Caring for our Baby

Caring for our Baby

You will be encouraged as parents when ready to become ‘the expert’ in your babies cares. The staff on our units across the South West will support you in becoming confident and familiar in undertaking these cares. Undertaking these cares can minimise the stress of the NICU environment for you and your baby and can support their long term development. 


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  • Containment Holding

    'An incubator cuddle' - premature babies look small and fragile and touching them can be a scary prospect.  Don't worry the nursing staff will be happy to support you in having contact with your baby.  Premature babies are sensitive and prefer a firm touch to light stroking.

    Click here to view Bliss information on comfort holding. 

  • Education and involvement of parents

    Acknowledging that they are the most important people in the infant’s life and critical to the infant’s emotional, social and physical wellbeing – is a crucial part of family-centred developmental care.

  • Infant Massage

    Massage can be associated with increased weight gain and decreased length of stay in hospital.  

    Click here to view the Bliss fact sheet on infant massage

  • Kangaroo Care

    'Kangaroo care’ or 'kangaroo cuddles’ is the term used for the skin-to-skin contact that is encouraged throughout your baby’s stay on NICU.  The infant is placed in a vertical position upon the maternal or paternal chest and has been shown to have significant positive effects on both the infant and parent.  No matter how small or premature your baby is, whether ventilated or breathing for him/herself, kangaroo care can usually be accomplished providing the infant is stable.  Kangaroo care can be associated with better temperature control, steady heart and respiratory rate, improved sleep patterns and increased weight gain.  Some studies have also suggested improved cognitive development, decreased stress levels, reduced pain responses, normalised growth and positive effects on motor development. The skin-to skin contact can also help bonding between parents and baby.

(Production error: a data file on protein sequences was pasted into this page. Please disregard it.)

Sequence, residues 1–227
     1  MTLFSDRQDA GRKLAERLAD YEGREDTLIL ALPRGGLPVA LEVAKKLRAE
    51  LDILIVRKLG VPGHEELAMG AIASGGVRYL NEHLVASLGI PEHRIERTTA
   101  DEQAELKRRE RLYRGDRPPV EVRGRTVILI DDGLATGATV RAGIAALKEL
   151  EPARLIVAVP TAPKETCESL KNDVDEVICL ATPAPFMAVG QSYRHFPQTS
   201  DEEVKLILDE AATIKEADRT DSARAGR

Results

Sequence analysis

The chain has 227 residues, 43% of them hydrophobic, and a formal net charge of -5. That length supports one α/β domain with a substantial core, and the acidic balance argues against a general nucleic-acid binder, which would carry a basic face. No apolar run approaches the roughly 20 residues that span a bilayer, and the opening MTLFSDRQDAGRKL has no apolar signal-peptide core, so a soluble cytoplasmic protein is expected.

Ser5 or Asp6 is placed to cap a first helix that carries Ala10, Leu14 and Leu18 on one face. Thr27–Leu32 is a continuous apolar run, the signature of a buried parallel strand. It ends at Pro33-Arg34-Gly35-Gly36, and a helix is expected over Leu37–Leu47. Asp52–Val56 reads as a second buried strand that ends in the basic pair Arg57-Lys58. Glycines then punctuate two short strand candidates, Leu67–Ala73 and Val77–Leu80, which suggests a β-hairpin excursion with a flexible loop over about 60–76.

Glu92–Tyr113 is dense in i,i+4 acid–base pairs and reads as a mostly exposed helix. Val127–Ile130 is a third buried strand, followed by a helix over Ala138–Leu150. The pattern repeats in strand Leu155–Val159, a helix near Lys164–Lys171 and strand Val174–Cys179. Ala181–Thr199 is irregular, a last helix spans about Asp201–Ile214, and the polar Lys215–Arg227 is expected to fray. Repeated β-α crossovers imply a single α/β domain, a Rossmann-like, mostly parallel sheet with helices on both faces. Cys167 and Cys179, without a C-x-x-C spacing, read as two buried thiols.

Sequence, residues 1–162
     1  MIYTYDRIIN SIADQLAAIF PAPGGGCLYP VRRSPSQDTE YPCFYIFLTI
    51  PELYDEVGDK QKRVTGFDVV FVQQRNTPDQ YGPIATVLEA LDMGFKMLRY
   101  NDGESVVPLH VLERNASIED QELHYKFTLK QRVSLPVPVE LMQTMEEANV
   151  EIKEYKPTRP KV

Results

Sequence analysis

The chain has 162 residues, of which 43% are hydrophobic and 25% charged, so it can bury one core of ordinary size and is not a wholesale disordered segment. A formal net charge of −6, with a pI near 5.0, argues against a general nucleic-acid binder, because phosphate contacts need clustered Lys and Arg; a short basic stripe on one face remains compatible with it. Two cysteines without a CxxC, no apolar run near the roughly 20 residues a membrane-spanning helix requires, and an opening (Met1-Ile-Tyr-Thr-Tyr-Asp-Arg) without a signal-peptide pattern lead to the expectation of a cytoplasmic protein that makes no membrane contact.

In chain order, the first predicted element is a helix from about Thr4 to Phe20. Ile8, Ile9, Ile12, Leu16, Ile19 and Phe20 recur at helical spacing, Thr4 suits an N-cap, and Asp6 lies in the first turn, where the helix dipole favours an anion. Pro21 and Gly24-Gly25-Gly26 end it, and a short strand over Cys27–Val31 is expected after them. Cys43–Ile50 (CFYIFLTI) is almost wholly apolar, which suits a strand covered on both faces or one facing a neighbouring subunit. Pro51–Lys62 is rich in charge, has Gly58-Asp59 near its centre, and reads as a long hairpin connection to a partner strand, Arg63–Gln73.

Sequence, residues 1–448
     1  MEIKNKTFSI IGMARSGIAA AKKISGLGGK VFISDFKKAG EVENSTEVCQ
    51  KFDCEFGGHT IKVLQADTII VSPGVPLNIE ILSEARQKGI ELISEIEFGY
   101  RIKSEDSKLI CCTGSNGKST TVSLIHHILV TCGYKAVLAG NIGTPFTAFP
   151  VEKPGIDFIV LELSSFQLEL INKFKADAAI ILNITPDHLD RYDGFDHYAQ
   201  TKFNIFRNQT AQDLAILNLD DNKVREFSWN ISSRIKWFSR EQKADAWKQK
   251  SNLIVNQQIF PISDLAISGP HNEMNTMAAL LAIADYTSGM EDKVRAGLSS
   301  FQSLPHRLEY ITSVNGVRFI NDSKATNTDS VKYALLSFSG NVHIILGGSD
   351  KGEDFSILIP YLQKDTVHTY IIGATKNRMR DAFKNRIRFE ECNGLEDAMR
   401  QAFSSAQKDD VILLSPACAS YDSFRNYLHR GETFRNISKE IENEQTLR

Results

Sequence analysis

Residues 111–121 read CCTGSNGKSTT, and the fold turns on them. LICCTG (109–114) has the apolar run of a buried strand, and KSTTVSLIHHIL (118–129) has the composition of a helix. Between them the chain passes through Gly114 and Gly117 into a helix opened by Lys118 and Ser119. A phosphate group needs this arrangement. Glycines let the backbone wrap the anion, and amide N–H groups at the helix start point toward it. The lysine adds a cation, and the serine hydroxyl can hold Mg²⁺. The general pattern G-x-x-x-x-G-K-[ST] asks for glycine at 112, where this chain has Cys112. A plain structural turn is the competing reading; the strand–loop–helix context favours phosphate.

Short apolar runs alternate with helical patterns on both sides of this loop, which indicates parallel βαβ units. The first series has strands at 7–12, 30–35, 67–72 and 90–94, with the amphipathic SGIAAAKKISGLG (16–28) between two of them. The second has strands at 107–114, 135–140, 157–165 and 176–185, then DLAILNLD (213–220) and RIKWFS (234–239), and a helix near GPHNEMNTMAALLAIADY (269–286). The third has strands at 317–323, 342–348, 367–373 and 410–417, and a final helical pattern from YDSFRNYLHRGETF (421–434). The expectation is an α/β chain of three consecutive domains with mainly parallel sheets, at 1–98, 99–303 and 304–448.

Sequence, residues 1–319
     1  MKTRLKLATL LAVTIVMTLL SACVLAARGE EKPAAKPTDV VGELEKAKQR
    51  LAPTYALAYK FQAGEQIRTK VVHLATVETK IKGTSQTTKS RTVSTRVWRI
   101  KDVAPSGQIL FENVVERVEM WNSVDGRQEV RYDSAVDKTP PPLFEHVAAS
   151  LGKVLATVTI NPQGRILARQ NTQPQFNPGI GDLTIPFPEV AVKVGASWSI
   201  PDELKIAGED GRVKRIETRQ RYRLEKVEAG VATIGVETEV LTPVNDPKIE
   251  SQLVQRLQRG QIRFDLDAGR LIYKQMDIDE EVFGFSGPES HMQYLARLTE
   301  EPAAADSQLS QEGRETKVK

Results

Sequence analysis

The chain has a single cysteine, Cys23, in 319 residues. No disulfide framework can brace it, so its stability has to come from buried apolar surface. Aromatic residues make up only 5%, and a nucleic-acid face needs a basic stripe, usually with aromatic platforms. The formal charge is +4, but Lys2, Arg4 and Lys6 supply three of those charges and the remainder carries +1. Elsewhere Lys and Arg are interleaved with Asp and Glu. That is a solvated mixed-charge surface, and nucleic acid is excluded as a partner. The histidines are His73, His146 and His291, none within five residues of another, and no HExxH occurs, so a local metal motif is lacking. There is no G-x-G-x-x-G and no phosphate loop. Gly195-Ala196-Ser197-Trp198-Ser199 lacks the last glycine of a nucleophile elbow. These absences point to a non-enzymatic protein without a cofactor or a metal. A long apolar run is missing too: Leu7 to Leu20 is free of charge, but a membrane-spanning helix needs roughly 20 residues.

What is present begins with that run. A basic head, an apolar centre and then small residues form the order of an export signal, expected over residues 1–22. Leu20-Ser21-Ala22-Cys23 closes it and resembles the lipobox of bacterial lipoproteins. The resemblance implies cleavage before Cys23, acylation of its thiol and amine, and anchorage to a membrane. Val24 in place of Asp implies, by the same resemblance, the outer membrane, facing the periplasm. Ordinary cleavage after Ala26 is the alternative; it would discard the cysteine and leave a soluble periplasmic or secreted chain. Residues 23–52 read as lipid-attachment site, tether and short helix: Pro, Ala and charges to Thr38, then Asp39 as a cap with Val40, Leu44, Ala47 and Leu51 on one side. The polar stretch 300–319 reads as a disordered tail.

Click here to view Bliss information on 'Kangaroo care'

  • Nest

    Hospitals have little “nests” which are like a pocket/nest made of toweling with cotton straps which vary in size dependent on the gestation of your baby.  The idea is that the nest represents the boundaries of the womb and as the baby grows and pushes against these boundaries this supports good posture and muscle development.  The baby lies in the nest and the cotton straps are pulled across the baby so that they feel safe and secure.

  • Understanding your Premature Baby

    Premature babies aren't quite ready to behave in all the ways you might expect a term baby to behave but they can still communicate.

    Click here to order a free copy of the Bliss 'look at me - I'm talking to you' booklet about understanding your premature baby's signals

  • Non-nutritive Sucking

    Non-nutritive sucking is the term used for when a baby sucks on something like a soother (a dummy) or a finger for comfort.  Images of babies sucking on their fingers in the womb have been seen from as early as 18 weeks, and evidence shows that this type of sucking has a stabilising effect on physiological responses resulting in decreased tension, more restful behaviour and improved oxygenation.  The sucks are smaller and quicker than your baby would use for oral feeding but have been shown to improve readiness and coordination for oral feeding.  Small soothers that have been specially designed for premature babies are available on all of our units across the region.

  • Positioning

    Premature infants are at risk of developing postural problems following a prolonged stay on NICU due to their decreased muscle tone.  Correct positioning of your baby helps to minimise any long term problems and helps your baby remain supported and comfortable during their stay.  In order to get the best possible outcome for your baby you will see your baby nursed in a number of different positions.  This could be within a nest, on their back or side lying and with a cushioned mattress and head support.  Staff on the unit will provide you with guidance on how to ensure that your baby is positioned in a supportive way whilst in an incubator.